Mercury spill leads to allegations of theft in Fresno

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A fresno woman who's apartment was evacuated because of a mercury spill says she is the victim of theft. (KFSN)

A Fresno woman who's apartment was evacuated because of a mercury spill says she is the victim of theft.

Elaine Audelo's grandchildren discovered a small glass vial of mercury among her personal possessions on Saturday July 11th. They played with the liquid metal and it spilled throughout the apartment.

Audelo said she didn't know what the substance was. She told Action News it came in a box of stuff she purchased at an auction. But when she saw her grandchildren playing with it she became concerned and called the poison control center. Mercury is highly toxic and poses a serious health threat if ingested, or if it vaporizes and fumes are inhaled.

The Fresno Fire Department responded and de-contaminated Audelo and her grandchildren. Fresno County's Department of Environmental Health and the California Department of Toxic Substances Control also responded. The county hired Parc Environmental Services of Fresno to clean up the mercury. They removed everything from the apartment and tested it for contamination. Contaminated items were inventoried and placed in a metal storage bin on the street outside the apartment complex. Personal property that did not appear to be contaminated was placed in a second bin. Both bins were secured with a lock and chain. A week later next both bins had been broken into by thieves. Audelo claims her valuable personal property was taken.

Audelo told Action News, "Everything else was just taken, my computer my laptop my iPad, my jewelry my coins. I had a $150 of coins in my closet. They took my negligees, everything I had in my closet, they took my shoes."

She also claimed medical equipment and medication was missing. The manager of her apartment building, Liz Berven says the bins were robbed on Saturday, July 17th, and Sunday the 18th.

"Saturday morning the chain and the lock were cut and on the ground. And that was the bin that was supposed to be not hazardous stuff," said Berven. "Then the next morning the other container that had the red tape around that said caution hazardous material, the chain was cut and was on the ground and the doors were standing wide open.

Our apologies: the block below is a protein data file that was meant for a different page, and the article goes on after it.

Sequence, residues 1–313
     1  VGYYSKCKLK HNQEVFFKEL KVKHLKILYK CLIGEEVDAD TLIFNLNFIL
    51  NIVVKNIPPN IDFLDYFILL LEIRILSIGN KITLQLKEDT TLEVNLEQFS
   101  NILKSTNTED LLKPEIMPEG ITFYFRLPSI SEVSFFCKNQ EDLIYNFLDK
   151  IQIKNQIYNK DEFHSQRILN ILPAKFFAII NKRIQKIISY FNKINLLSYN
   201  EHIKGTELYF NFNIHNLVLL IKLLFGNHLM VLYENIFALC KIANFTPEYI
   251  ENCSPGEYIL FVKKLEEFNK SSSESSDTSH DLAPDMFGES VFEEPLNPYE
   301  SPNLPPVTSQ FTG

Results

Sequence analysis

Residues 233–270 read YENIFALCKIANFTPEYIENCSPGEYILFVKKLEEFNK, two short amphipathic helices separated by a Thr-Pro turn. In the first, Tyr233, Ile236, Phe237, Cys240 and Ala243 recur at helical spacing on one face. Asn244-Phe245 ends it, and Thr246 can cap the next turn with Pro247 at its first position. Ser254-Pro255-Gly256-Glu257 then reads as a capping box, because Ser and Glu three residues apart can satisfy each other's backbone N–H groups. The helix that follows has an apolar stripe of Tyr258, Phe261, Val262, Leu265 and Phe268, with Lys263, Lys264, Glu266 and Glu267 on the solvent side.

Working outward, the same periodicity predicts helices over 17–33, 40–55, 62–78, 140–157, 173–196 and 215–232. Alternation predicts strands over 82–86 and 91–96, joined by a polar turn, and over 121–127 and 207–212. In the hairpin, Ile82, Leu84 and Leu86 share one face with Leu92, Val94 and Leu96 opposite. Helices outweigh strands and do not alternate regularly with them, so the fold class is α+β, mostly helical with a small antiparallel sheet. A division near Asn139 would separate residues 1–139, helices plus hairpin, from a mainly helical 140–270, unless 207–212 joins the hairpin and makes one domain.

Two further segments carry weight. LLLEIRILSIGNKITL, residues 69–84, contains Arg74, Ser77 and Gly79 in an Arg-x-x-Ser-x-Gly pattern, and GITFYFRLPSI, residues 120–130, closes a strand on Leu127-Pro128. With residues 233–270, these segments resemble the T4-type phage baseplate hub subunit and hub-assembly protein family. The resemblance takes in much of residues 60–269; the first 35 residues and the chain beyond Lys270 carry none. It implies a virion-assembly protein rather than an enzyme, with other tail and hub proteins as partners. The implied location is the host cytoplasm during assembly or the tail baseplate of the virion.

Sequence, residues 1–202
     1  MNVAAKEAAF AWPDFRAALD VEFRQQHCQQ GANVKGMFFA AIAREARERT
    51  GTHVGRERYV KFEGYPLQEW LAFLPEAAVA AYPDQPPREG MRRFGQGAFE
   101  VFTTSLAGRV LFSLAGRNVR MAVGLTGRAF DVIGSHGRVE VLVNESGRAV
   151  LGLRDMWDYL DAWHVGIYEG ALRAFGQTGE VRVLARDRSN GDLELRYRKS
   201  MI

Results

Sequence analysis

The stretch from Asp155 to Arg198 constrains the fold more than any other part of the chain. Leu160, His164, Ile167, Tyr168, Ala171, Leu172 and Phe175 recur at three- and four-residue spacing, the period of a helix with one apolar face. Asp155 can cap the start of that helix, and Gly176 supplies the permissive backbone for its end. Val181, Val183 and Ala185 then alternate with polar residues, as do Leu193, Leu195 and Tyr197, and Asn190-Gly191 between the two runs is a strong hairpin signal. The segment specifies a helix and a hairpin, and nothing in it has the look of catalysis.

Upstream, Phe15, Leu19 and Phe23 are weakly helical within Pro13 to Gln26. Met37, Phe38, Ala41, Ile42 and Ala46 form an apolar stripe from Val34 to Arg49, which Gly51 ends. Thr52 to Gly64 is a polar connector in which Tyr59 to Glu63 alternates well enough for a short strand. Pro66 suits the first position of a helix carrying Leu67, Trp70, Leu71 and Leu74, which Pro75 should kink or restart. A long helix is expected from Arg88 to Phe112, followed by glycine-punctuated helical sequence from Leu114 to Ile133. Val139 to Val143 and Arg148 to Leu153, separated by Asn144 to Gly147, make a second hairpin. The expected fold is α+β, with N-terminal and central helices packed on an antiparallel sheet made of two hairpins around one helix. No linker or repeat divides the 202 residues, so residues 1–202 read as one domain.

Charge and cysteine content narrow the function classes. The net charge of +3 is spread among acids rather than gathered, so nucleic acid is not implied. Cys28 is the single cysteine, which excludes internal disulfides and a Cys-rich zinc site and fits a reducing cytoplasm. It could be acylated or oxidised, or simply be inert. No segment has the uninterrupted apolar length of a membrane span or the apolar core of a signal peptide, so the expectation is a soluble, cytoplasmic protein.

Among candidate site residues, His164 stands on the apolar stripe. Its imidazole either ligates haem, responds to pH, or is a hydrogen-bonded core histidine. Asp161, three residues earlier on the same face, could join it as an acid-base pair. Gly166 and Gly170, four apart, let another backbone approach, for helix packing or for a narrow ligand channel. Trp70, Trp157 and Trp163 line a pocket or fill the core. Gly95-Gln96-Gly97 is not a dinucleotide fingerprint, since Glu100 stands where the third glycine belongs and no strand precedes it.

Elaine thinks Parc Services should have better secured the bins. But Parc CEO Louie Matina told Action News his company was not responsible. A spokesman for the state department of toxic substances control also denied any responsibility for securing personal property.

Vincent Mendez of the Fresno County Department of Environmental Health says his department's priority was to save the children and protect public health. He described the apartment as being extremely contaminated, but is relieved the children did not appear to have been hurt by their exposure.

"Some of the kids had apparently poured it on their heads to watch it roll off," said Mendez. "We dodged a big bullet here."

Mendez says the storage bin for Audelo's personal property was provided as a courtesy, since she had no place to put it. He says the theft was unfortunate. But he said the county is working with Audelo to identify what might be missing and adds, "Certainly she can file a claim for loss or damages with the county. I'm certain there is a similar process with the state."

It's not yet clear which items of Audelo's missing property were actually contaminated, but some potentially toxic material appears to have been taken from the bin holding the materials identified as being contaminated with mercury. Mendez says so far it's been determined that two back packs that tested positive for mercury contamination are missing. The stolen items could pose a health threat to whoever took them.

Mendez says the cleanup of the apartment has cost about $30,000. But he says the state department of toxic substances control has decided not to bill Audelo for the cleanup since the contamination by her grandchildren was accidental.



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